By Twain Mein
- Timeless styling. This is a beautiful car that will age well
- Steering and road feel
- Rear wheel bias gives rear wheel drive feel with all wheel drive safety
- Ride quality
- Rear seat room is tighter than Houdini’s escape coffin
- You pay to play at the gas pump
- Sunroof doesn’t slide back
The Audi S5 is the high performance version of the A5. It features 354hp vs. the A5’s 211, a whopping 67% increase. With this added horsepower, 0-60 times drop from over 6.5 to just under 5 seconds. This performance comes at a price premium, boosting base MSRP from $36.9k to $53.1k while dropping combined mileage (for the manual transmission variants) from 24 to 17mpg.
The model we tested had the upscale “Prestige Package”. The Prestige package adds the Multimedia Interface (MMI), driver seat memory, and parking assist with rearview camera. This car also had several additional options including the “Sprint Blue Pearl Effect” paint ($475), Navigation ($2,550), Sports Rear Differential ($1,100), and the 505-watt, 14-speaker Bang & Olufsen premium sound system ($850). These options, coupled with the base price of $53,100, Gas Guzzler tax and destination charge, brought the total to $60,250.
Introduced in 2008, after 3 years, the A5/S5 is still drop-dead gorgeous. Though somewhat controversial, the well integrated massive grill and trademark look for Audi, has perhaps become the most pleasingly executed of the entire Audi model line. The LED running lights add a distinctive eye brow to the front end while the muscular flanks look purposeful and are well proportioned. The overall shape is truly elegant yet aggressive at the same time. We found only one real drawback to the design; because there are no channels in the roof, accumulated rain water can pour down into the driver’s seat when opening the door. A small price for beauty.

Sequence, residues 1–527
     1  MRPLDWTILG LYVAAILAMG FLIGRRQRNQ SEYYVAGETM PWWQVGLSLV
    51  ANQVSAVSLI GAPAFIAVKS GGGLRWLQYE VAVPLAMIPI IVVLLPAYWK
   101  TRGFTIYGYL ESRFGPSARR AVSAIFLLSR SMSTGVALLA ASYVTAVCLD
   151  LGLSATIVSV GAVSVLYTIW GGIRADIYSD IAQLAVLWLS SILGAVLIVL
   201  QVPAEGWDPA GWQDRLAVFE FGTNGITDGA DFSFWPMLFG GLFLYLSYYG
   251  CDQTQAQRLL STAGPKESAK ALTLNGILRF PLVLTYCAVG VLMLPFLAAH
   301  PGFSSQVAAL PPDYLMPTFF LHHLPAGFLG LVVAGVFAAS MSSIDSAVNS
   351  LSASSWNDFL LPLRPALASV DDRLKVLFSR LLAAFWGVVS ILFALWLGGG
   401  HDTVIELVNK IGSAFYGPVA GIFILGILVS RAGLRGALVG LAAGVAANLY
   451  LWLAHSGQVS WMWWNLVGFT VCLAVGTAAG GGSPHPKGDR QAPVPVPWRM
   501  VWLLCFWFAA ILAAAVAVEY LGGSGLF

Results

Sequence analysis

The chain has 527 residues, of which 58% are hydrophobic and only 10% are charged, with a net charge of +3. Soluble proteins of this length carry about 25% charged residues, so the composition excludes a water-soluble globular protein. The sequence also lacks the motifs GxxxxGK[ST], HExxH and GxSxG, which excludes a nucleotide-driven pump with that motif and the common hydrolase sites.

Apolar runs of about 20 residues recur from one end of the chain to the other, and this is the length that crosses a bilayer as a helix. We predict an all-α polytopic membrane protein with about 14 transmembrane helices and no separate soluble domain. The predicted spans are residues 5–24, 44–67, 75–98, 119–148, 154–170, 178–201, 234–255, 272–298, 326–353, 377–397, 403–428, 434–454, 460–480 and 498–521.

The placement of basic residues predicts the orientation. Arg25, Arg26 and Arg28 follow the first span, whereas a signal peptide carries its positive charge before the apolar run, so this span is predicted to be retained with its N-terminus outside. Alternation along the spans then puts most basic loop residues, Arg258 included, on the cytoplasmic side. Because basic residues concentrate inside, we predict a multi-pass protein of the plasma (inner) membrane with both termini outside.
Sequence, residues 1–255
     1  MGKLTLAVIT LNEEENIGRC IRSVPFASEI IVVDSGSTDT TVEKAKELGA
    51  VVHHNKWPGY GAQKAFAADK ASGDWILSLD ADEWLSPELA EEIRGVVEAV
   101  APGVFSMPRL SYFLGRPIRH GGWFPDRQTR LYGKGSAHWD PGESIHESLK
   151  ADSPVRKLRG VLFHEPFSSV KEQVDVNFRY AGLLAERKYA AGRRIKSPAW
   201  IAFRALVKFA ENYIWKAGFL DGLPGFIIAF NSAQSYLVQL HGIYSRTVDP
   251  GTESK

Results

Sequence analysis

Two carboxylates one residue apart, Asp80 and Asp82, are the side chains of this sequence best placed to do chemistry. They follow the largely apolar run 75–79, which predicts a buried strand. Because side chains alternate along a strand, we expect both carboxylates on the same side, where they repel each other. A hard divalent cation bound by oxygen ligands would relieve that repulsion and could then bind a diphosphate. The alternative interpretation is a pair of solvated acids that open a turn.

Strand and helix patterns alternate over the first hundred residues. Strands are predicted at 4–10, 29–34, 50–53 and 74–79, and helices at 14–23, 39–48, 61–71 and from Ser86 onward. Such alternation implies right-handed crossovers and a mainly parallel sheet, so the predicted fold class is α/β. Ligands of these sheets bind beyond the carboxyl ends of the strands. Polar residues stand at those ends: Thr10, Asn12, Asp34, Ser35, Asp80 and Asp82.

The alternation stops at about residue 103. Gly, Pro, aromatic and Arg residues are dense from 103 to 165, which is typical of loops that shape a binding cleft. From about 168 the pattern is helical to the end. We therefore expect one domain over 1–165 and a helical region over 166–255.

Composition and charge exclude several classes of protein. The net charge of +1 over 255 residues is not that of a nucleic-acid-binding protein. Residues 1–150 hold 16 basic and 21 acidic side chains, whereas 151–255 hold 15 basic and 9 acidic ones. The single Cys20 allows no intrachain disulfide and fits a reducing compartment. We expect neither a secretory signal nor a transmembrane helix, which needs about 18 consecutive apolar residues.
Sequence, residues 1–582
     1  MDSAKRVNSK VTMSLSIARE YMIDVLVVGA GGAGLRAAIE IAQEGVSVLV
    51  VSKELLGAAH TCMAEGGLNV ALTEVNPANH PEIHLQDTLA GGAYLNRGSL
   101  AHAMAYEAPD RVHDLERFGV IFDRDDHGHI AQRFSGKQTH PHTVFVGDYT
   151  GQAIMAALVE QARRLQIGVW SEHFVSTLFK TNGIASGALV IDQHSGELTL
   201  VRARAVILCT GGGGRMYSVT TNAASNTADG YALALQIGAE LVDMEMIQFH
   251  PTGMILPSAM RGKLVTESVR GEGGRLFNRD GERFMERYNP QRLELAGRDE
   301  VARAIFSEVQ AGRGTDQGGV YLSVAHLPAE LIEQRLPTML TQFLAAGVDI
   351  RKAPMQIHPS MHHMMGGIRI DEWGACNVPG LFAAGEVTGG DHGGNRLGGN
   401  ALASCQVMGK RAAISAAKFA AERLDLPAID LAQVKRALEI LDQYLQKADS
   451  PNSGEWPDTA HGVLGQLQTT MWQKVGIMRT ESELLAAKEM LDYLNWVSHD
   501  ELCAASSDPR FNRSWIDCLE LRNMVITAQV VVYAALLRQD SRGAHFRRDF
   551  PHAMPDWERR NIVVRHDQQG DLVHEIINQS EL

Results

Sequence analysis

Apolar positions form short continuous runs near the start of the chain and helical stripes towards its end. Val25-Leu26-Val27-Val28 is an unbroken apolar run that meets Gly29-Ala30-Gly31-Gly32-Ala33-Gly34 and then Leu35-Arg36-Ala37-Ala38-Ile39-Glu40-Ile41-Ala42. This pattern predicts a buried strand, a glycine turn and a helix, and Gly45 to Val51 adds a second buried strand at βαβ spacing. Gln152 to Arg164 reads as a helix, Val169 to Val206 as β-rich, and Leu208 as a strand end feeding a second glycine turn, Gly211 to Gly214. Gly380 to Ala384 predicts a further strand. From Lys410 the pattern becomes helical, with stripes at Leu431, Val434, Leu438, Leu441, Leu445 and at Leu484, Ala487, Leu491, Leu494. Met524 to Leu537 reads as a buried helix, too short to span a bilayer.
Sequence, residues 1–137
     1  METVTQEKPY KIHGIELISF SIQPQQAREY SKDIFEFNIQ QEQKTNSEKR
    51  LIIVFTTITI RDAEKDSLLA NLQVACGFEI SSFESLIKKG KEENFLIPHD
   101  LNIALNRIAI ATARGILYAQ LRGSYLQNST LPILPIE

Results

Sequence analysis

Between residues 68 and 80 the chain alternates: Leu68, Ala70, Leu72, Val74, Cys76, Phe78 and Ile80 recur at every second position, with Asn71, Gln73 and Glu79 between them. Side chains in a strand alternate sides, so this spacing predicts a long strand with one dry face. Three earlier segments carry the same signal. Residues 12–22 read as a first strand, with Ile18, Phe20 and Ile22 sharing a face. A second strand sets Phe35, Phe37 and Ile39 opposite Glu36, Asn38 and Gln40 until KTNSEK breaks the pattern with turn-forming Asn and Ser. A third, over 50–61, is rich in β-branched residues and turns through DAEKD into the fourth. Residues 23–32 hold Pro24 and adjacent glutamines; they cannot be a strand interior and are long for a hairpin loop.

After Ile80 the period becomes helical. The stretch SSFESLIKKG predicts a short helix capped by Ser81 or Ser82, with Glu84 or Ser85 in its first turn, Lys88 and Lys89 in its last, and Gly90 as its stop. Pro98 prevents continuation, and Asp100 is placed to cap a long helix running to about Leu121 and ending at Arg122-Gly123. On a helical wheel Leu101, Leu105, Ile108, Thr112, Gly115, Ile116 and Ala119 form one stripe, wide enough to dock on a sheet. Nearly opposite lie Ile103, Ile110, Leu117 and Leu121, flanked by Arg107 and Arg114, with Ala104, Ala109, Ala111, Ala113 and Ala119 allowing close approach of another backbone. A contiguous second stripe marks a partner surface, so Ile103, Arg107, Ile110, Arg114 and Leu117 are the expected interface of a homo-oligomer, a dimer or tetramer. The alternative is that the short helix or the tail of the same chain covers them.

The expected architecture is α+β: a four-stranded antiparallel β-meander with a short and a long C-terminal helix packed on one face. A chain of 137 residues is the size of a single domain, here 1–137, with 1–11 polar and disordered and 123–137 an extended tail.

With its all wheel drive transmitting feedback from the front wheels to the steering wheel, there is excellent steering feedback. Additionally, Audi has even engineered feedback into the seat itself; you feel muted bumps and road texture through it. As a result, the S5 has remarkably tactile road feel, far more communicative than the rear wheel drive BMW 3-series, from the seat to the steering wheel. At the same time, the adaptive suspension dials out body roll while still providing a firm though not harsh ride, truly miraculous considering the micro-sidewall 35-series tires.
Additionally, Drive Select allows the driver to fiddle with adaptive suspension, dynamic steering, and transmission shift points. There are 3 default settings (Comfort, Normal, and Dynamic) though these settings can be customized for 27 different permutations. We stuck with the default settings and found that dynamic mode provided the most dramatic differences in ride quality and steering feel.
The fit and finish of the S5 was, like most Audis, outstanding. The leather interior smelled fantastic, and the stitching and dash materials reeked of high quality. Panel tolerances were very small and the car felt exceptionally solid. The white leather seats may be prone to attracting dirt but they are beautiful thrones to behold.
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